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WOLFIE'S Deli Closed in Miami Beach!!! :( April 01, 2008 5:25 AM

The best known Kosher Jewish Deli in all of South Florida closed after 54 years in the business!   

From the Fort Lauderdale Sun-Sentinel...

Good kosher deli a tough find in South Florida

By Michael Mayo
Used to be, a person could find a decent tongue sandwich just about anywhere in South Florida.

Now it's getting to the point where you're hard-pressed to find a place that knows its kasha from its kishke.

Delis keep dying.

I'm not talking sub shops or luncheonettes. I'm talking about real New York-style Jewish delis.

The kind of place where the counterman bristles while he works, and the waitresses know your regular order but never bother with your name.

The latest to kick the pickle bucket: Wolfie Cohen's Rascal House on Collins Avenue in Sunny Isles Beach.

After 54 years, the venerable institution closed on Sunday. The owners are planning to turn it into an upscale gourmet market.

I couldn't pay my respects for a final meal, but I did the next best thing on Monday.

I went to The Original Pastrami Club restaurant on University Drive in Lauderhill for a bowl of matzoh ball soup, a pastrami on rye and a trip back to the old country.

When I say the old country, I mean New York.

Beneath a mural of the Brooklyn Bridge, Coney Island and the Lower East Side, patrons sipped Dr. Brown's Black Cherry soda, dunked turkey sandwiches into Russian dressing and talked baseball.

"You see the paper today about the Marlins?" one man asked his lunchmate. "Their whole payroll is $21 million. Twenty-one million! That's one Yankee."

(Another reason why I love delis. People there still read newspapers.)

"Things are changing," said Sammy Siegel, 72, a former Brooklynite who now lives at Wynmoor in Coconut Creek. "But as long as there are Jews, there'll be delis."

The population in South Florida has gotten younger, more diverse and less New York-centric in the last few decades. Shifting demographics and tastes have taken a toll on landmark delis.

Gone is the original Pumpernik's across from Gulfstream Park in Hallandale Beach. So too is the original Wolfie's in South Beach, and a spinoff in Boca Raton.

The Deli Den on Stirling Road in Hollywood, where Joe DiMaggio used to lunch regularly, keeps going.

And then there's The Pastrami Club, which has been around since 1985 under three owners.

"It's all about the food," said Raad "Ray" Sakko, 37, who bought the place three years ago. "Even though the area has changed, there'll be a market for it if the food is good. You don't have to be Jewish to like deli."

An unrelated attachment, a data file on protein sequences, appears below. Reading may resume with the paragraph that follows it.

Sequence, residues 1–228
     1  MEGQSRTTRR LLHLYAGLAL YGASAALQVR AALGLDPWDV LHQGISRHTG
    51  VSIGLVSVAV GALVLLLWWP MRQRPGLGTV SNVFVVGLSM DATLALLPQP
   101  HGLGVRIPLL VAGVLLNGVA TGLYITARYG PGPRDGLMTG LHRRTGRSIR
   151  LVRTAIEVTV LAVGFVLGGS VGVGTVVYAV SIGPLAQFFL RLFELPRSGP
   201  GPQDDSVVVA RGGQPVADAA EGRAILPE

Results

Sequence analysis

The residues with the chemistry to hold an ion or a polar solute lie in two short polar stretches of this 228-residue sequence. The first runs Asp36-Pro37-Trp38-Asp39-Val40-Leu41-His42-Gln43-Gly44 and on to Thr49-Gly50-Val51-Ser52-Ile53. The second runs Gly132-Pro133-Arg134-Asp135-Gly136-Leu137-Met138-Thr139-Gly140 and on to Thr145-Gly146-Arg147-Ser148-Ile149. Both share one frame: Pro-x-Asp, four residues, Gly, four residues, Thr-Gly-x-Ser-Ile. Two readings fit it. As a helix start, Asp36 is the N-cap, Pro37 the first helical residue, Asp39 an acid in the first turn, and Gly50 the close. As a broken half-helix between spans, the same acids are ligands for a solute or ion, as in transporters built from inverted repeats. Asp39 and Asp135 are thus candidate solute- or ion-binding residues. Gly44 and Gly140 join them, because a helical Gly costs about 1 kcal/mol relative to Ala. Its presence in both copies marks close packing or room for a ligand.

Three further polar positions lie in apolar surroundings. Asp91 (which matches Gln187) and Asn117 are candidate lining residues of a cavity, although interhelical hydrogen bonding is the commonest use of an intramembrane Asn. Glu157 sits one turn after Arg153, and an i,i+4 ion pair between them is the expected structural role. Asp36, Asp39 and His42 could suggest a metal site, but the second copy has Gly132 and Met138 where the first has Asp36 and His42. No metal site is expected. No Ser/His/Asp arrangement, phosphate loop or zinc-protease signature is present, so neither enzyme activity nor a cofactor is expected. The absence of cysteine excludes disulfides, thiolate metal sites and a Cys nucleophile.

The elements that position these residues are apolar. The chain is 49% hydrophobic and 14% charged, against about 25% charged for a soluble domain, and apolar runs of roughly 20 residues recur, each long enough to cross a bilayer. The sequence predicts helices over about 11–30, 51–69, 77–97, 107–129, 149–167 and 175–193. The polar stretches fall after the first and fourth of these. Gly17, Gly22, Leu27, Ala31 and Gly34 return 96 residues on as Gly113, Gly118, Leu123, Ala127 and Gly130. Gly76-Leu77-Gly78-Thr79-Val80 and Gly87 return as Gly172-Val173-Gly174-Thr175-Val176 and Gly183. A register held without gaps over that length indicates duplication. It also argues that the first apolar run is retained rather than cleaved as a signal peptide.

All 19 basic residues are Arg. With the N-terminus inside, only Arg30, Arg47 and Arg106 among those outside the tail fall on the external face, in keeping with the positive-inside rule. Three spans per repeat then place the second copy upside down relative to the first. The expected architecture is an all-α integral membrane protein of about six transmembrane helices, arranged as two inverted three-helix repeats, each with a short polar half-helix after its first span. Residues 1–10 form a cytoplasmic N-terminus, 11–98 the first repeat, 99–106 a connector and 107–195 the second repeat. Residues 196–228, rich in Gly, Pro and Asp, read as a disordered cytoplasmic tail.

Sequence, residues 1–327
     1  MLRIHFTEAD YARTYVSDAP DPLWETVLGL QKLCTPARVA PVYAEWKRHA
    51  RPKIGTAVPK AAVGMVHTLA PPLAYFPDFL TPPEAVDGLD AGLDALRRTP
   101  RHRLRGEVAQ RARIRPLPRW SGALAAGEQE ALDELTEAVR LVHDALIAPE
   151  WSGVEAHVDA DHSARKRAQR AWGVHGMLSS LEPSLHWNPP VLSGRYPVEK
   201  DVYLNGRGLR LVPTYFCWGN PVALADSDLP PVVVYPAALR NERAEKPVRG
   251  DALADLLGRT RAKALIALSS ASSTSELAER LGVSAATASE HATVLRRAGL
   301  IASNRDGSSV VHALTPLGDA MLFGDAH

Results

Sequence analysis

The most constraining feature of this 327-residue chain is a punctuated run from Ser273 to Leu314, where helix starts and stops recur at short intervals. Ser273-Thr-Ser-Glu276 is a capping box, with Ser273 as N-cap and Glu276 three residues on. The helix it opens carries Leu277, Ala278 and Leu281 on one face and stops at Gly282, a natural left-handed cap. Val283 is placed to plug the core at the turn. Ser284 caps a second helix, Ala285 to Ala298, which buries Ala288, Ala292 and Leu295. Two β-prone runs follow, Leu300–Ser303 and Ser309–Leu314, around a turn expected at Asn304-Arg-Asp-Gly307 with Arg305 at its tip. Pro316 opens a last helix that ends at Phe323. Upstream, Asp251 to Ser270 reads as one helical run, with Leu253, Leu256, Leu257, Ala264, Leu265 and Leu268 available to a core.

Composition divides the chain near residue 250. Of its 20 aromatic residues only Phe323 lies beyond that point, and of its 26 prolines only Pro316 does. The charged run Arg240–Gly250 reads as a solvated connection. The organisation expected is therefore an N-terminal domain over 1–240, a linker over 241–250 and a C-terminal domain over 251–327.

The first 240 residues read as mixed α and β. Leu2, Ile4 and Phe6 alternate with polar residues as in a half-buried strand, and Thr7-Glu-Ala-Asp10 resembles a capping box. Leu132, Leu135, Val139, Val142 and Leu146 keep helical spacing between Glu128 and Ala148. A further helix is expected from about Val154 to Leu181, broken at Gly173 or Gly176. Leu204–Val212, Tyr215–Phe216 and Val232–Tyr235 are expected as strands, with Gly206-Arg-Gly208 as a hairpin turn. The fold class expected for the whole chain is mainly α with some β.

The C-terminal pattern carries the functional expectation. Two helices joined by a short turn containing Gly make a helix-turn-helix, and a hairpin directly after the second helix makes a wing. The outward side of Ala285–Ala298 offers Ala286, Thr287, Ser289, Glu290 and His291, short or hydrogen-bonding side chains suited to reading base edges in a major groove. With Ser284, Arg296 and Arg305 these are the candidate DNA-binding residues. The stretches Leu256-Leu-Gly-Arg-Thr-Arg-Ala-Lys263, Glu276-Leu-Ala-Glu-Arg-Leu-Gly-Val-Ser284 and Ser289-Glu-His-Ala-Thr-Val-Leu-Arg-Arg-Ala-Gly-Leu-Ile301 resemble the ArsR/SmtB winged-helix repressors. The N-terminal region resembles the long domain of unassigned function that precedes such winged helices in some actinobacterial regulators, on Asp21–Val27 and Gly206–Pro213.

Or to prepare it. Long-time chef Louis Renel Trezil is Haitian.

Sakko said the restaurant's clientele has changed along with the makeup of the central Broward corridor. He has steady customers from the Caribbean and South America. But most patrons are older ex-New Yorkers who live in nearby condos at Inverrary and Kings Point.

Sakko doesn't have the usual deli pedigree. He was born in Russia, grew up in Detroit and is only part Jewish. He previously owned a video store and didn't have any restaurant experience before buying The Pastrami Club.

Thanks to a dedicated staff and recipes passed down from previous owners Larry Lebin and Allen Marcus, the place remains authentic. The matzoh balls are fluffy, the cole slaw garlicky and the pastrami moist and fatty enough to warm (and clog) the hearts of loyal customers.

Sakko was behind the slicer making sandwiches on Monday.

"If you don't stay on top of things in this business, you're in trouble," Sakko said.

News of the Rascal House's demise hit some Pastrami Club customers hard.

"At my age, I have a hard time remembering yesterday, but I remember a lot of good meals at the Rascal House," said Bill Remes, 77, of Grand Rapids, Mich. "It was the place in the '60s and '70s."

Remes said he used to go for midnight corned-beef sandwiches after nights at Dania Jai-Alai.

Charles Perrillo, 92, said: "We used to have to wait on line to get in. But I went there about seven years ago and there were no lines, no wait."

I asked Perrillo, a Wynmoor resident who looks 20 years younger than his age, if pastrami was the secret to his longevity.

"If you want to live a long time," Perrillo said, "eat at home."

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 April 01, 2008 11:47 PM

its all the fault of the "kosher style" chains like 2Jays. I cant stand that chain, and yet Floridians seem to adore it...  

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 April 02, 2008 6:06 AM

True.  TooJays is nothing like the old deli's of the 1960's.  Matter of fact, it almost reminded me of Russia...you go to one counter and order your sandwich, they give you a ticket that you take to another counter to pay, then you get a "paid" ticket that you take back to the original counter to pick up your sandwich...THEN you could sit down and eat.

You actually had to wait in 3 different queues.

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